Tuesday, September 16, 2014

Moser Commentary: Weighing bike and pedestrian achievements and oversights

Dan Moser's in-depth commentary in last week's Florida Weekly about the positive and negative bike/ped/transit/complete streets developments throughout Lee County.

Dan Moser
Admittedly, I don't always see the forest through the trees when it comes to my perspective on the bike/pedestrian environment here in Southwest Florida, or even throughout our state. Having been involved as an advocate and professionally for more than three decades, my expectations are perhaps too high because I’m keenly aware of many other places where conditions are much better than here, including some that had been as deficient as ours at one time. Here, I'll share some examples of why I'm frequently disappointed, perplexed, disturbed and sometimes angry about the situation for those who simply want to bike, walk, run, use a wheelchair, skate or push a stroller safely on our public ways. I’ll also include the truly positive achievements that have occurred, examples that reflect the fact that things really are better now than even a few years ago.
• The good: Lee County's Metropolitan Planning Organization, followed by formal action from Lee County and the city of Fort Myers, has adopted “Complete Streets” policies. The bad: Except for Lee County, implementation has been mostly absent, with Lee County's commitment clearly wavering now that our cookiecutter development economy is returning, which apparently means LeeDOT’s transportation mindset has also reverted to business as usual. Perhaps the city of Fort

North Estero Boulevard on Fort Myers Beach is a model “Complete Street.” North Estero Boulevard on Fort MyersBeach is a model “Complete StreetMyers will surprise me by actually implementing the formal policy it approved.
• The good: Lee County drafted and worked for a number of years to update its Comprehensive Plan. The draft includes guidelines to reduce sprawl, improve quality of life and move us in the direction the public clearly asked for in the lead-up to the development of this version of the plan. The bad: The Comp Plan is being watered down as it moves through the various stages of formal approval and is looking a lot like the old one (see above paragraph for the reason).
• The good: Lee County has been recognized nationally as a leader among governments for its draft Sustainability Plan, another guiding document that has far reaching economic, environmental, and livability benefits. The bad: County leadership has pulled the plug on the plan without formally approving it. The reason? See above.
• The good: The city of Fort Myers has created a vibrant downtown that attracts locals and visitors alike to spend time and money in this very walkable environment. The bad: Many areas of the city lack even basic pedestrian features, with cycling accommodation on city roads being even less prevalent, including, ironically, routes that would get folks downtown.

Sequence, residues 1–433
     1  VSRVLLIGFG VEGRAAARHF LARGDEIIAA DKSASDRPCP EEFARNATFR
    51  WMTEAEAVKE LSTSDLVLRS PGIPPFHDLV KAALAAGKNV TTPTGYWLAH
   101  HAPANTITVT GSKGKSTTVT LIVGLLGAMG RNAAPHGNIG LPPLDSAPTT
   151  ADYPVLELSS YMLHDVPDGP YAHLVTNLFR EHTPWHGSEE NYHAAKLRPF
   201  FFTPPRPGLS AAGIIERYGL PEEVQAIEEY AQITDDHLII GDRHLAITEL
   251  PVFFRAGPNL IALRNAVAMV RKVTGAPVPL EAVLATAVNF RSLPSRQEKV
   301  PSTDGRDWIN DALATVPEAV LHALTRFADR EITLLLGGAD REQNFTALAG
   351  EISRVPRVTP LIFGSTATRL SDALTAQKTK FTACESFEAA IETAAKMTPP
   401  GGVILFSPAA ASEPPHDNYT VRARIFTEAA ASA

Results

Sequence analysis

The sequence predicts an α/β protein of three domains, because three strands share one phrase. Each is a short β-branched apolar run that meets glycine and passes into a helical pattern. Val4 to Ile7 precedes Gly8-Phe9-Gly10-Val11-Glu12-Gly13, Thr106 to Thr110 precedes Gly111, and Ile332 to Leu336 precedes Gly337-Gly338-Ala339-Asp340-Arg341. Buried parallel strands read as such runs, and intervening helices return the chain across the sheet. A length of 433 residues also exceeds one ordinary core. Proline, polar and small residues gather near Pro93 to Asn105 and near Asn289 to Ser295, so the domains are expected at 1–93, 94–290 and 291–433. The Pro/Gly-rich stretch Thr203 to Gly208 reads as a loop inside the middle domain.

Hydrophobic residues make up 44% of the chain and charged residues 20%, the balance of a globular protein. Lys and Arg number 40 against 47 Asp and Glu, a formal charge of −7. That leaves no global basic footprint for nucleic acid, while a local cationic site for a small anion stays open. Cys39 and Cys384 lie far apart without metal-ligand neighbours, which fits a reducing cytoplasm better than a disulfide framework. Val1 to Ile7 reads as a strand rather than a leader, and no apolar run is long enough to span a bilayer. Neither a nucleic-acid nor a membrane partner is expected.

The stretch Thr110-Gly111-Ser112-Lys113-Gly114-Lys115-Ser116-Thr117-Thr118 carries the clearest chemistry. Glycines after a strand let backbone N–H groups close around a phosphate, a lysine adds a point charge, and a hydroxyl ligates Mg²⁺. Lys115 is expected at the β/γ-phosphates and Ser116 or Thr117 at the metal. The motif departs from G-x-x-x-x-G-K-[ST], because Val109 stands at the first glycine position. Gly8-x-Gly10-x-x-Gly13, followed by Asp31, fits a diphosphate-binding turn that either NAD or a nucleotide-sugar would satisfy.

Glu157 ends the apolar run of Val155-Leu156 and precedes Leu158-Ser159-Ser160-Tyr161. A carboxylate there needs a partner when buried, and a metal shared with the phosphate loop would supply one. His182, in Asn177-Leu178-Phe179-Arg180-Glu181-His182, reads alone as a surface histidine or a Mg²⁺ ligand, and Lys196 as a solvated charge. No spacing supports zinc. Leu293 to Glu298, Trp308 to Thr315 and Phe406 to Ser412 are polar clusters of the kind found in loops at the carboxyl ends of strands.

• The good: In a second attempt in a decade, a Transit Task Force worked for more than two years to develop a plan to move LeeTran from being a struggling, underfunded, under-appreciated department of Lee County government to becoming its own transit authority, a step that would allow it to grow and become a self-sustaining entity that will actually provide appropriate transit service. The bad: Another victim of plug-pulling by county leadership, although the reasons in this case appears to be a lack of commitment to transit as much as “back to business as usual.”
• The good: Citizens and business operators came together to develop a plan for the Tice Historic Community that includes improvements to Ortiz Avenue with a design that keeps at least a segment of the road from becoming a neighborhood-killing highway. The fewer-lane, slower-speed design will still move motor vehicles efficiently but be safer and includes bike/ped accommodation, abundant green space and an environment for small business to thrive. The bad news is that LeeDOT appears bent on turning it into yet another high-speed, multi-lane highway that residents don’t want and that’s not needed.
Where's the story?PointsMentioned Map9 Points Mentioned
I’ll close with achievements that have indeed made positive and lasting impacts without offsetting bad news: Estero Boulevard on Fort Myers Beach will finally be getting long-awaited improvements that include pedestrian accommodations along all of it and bike lanes on much of it. Bonita Springsand Estero appear to be on track to become two of the most bike/ped-friendly communities in Lee County. Sanibel is a Bronze-level Bike Friendly Community that continues to expand and improve its network of paths. The $10 million TIGER grant Lee MPO was awarded will soon result in significant bike/ped and transit improvements. Cape Coral is about to complete marking more than 90 miles of bike routes and continues to work on closing gaps and providing bike/ped alternatives to major roads and intersections. And, finally, there are many good people working in various roles in government and for consultants who are making a difference, even when sometimes fighting uphill battles within their respective organizations. To those who still do and others who did but have moved on, your efforts are appreciated by many. Thank you.
— Dan Moser is a long- time bicycle/ pedestrian advocate and traffic safety professional who cycles, runs and walks regularly for transportation, recreation and fitness. Contact him atbikepedmoser@gmail.com or 334- 6417.

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